If your company relies on the hard sciences or uses technology to create or improve products or processes, you may be engaging in qualified R&D activities and be eligible for the Research & Development Tax Credit. But you have to know how to apply to get most use out of the credit.
One common area where companies incur most of the qualifying R&D credit costs is also the area of most R&D tax credit calculation mistakes: wages.
How not to claim wages for the R&D credit is in IRS Field Attorney Advice 20171601F released in April, which relates how the IRS concluded that one taxpayer used an impermissible method to determine eligible wages related to research expenses.
The Wrong Approach (Don’t Do This)
The taxpayer claimed credit for increasing research activities for at least four years. Employees of the taxpayer performed both qualified and nonqualified services. But in short (see end of post), the controller of the company simply estimated the level of R&D in terms of wages—what percentage of what employees’ salary was devoted to legitimate R&D activities—then took a statistical sample of the projects and multiplied the estimated wages by the estimated R&D project for the year.
The taxpayer did not use the method provided in Regulation 1.41-2(d)(1), which states:
“If an employee has performed both qualified services and nonqualified services, only the amount of wages allocated to the performance of qualified services constitutes an in-house research expenses. In the absence of another allocation method that a taxpayer can demonstrate to be more appropriate, the amount of in-house research expense shall be determined by multiplying the total amount of wages paid to or incurred for the employee during the taxable year by the ratio of the total time actually spent by the employee in the performance of qualified services for the taxpayer to the total time spent by the employee in the performance of all services for the taxpayer during the taxable year.”
The underlying issue in the case related by the IRS: The taxpayer failed to maintain adequate records reflecting the costs of its qualified research activities and couldn’t determine how much time its employees spent performing qualified services with respect to a particular project.
Five Good Moves
It seems the taxpayer described above was “penny-wise and pound-foolish,” as it appears they didn’t hire a qualified professional to help them pay attention to the methods to claim the R&D tax credit. The following are five things our firm would have advised this company to do when substantiating the wages allocable for the R&D credit:
- Don’t go it alone. Get experienced help in claiming the R&D tax credit.
- Don’t have just your controller do the claim work. You need an in-house subject matter expert who was involved in the actual R&D to work with your accounting personnel and R&D consultants.
- Make every effort to maintain documentation to back up claiming the credit. Look for the historical data that will support the claim and qualitatively discusses the nature of the project: timecards, reports, minutes, even promotional brochures. Anything that points to the innovation or the challenges in creating it helps to support the claim for the credit.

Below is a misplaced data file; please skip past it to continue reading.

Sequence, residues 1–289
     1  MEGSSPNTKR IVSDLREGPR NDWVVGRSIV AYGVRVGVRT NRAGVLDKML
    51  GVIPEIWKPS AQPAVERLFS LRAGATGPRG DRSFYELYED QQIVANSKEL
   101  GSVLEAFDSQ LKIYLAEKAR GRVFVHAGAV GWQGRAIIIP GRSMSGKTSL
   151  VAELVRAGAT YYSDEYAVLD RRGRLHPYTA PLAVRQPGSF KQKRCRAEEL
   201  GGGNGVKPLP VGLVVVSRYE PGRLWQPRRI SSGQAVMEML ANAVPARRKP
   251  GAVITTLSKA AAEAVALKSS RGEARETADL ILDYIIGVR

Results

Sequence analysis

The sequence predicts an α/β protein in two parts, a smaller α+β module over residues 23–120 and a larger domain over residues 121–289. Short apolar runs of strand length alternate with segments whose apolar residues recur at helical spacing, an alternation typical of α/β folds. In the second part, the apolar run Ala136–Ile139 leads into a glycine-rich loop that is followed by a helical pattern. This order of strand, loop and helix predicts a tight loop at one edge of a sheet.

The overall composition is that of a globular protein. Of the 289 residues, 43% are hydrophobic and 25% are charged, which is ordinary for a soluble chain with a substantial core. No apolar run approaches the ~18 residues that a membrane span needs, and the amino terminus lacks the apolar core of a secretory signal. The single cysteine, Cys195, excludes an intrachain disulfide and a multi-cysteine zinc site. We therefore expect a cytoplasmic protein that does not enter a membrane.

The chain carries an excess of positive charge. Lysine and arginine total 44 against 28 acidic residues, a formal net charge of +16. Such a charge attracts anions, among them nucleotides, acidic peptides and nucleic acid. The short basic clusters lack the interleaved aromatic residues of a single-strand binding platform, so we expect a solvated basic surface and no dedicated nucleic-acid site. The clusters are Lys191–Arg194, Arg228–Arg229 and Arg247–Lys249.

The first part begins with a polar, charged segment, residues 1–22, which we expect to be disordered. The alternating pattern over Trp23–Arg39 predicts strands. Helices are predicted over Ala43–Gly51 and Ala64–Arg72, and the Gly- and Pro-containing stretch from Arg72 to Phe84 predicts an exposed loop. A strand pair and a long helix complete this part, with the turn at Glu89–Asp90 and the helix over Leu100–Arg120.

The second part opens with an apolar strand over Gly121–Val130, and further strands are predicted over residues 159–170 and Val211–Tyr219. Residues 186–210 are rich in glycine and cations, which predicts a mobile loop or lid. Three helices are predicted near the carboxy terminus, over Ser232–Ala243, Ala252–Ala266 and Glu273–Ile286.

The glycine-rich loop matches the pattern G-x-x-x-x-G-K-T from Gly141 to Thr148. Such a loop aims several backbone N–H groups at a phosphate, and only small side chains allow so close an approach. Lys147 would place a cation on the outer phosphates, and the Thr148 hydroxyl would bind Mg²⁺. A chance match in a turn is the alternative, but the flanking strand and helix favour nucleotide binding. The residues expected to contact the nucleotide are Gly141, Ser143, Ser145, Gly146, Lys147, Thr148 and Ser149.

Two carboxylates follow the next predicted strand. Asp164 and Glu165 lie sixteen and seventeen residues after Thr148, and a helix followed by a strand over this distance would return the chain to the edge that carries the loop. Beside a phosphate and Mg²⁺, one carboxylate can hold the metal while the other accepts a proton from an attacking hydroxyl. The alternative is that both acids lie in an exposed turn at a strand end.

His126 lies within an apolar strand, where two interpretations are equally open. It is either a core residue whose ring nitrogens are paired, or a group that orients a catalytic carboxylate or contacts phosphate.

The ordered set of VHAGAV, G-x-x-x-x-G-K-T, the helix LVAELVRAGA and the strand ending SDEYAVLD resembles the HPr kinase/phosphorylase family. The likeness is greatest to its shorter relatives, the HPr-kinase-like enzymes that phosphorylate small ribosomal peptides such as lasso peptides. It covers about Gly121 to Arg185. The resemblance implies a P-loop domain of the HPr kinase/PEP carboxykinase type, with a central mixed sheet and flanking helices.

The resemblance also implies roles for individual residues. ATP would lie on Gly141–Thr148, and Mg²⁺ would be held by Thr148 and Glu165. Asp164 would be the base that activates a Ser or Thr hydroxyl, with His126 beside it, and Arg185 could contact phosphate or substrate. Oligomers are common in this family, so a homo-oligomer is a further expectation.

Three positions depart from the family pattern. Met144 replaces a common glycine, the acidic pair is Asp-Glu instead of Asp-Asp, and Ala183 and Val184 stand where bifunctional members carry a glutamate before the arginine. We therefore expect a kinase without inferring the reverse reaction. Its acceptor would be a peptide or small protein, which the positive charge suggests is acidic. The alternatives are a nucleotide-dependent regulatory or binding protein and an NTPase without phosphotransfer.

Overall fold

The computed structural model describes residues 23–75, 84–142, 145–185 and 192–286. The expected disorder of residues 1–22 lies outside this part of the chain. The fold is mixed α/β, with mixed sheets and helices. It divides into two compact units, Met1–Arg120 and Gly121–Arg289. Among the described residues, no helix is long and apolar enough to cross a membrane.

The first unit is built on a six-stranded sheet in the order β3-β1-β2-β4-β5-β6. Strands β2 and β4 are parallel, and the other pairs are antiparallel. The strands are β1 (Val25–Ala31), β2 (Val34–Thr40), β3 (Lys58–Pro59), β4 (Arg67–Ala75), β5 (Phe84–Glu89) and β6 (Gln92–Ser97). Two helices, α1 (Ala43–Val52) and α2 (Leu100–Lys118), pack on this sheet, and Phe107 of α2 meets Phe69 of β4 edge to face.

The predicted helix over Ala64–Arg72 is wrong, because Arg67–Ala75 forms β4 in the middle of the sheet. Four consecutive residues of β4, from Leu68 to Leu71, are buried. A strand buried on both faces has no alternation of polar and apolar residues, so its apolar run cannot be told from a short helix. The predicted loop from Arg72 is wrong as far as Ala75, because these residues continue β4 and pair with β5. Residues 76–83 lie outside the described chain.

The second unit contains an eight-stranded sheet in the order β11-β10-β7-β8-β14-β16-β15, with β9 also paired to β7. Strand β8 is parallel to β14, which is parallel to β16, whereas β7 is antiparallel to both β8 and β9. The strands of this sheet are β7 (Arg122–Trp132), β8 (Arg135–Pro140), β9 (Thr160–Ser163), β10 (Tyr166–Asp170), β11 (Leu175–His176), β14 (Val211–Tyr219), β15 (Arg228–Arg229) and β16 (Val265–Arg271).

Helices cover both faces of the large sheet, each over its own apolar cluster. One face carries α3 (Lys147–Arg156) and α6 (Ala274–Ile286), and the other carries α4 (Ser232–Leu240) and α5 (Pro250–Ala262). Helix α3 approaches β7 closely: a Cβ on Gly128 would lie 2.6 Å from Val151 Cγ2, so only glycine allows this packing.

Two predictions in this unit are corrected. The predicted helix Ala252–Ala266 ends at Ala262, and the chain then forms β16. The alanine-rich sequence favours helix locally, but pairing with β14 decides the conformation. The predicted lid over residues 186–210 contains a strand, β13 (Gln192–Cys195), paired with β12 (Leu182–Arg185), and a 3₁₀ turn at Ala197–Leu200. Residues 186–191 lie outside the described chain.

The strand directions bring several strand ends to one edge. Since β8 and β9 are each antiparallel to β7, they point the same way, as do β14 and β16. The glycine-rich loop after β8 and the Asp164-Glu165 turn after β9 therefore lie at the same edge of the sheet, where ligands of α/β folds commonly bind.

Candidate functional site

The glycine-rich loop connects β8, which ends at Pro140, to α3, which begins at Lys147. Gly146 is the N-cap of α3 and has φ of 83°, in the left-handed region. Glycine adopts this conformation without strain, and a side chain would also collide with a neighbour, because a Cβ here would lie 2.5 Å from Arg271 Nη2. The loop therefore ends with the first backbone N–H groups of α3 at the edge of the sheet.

- Look for needed improvements in your internal recordkeeping to make it more efficient to claim the R&D credit in future years.
- We have the necessary experience to help you efficiently claim all the R&D tax credit you are entitled to. Contact us at any time to discuss your particular facts and circumstances so that we can help you maximize and substantiate the credits you are entitled to.
The Wrong Approach: One Taxpayer’s Made-Up Two-Step Process
- The taxpayer’s controller identified which employees were believed to have performed qualified services at any time during the taxable year. They estimated the fraction of each employee’s time spent performing qualified services, then multiplied this fraction by the employee’s total wages for the year. The controller then added the amounts calculated for each employee to calculate the initial estimate of total wages incurred for qualified services.
- The taxpayer multiplied this estimate by a fraction, based on a statistical sample. The denominator was the number of projects that the taxpayer believed to involve 50+ hours of work by employees and that might have involved at least one employee who conducted qualified research during some part of the project. The numerator was a subset of the projects in the denominator, with respect to which the taxpayer (after investigating a random sample of the projects) determined that an employee performed qualified research during some part of the project.
The Biggest Reasons the Methodology is Not Appropriate:
The taxpayer only considered whether the project involved qualified research at some point and did not determine what percentage of total project costs were attributable to the performance of qualified services, such as wages. The taxpayer provided no reasonable basis to apply their methodology, and the process looked at no detail of how the employees’ work time actually contributed to the R&D. Thus, taxpayer’s methodology is not more appropriate than the method provided by Treasury Regulation 1.41-2(d) and was rejected by IRS.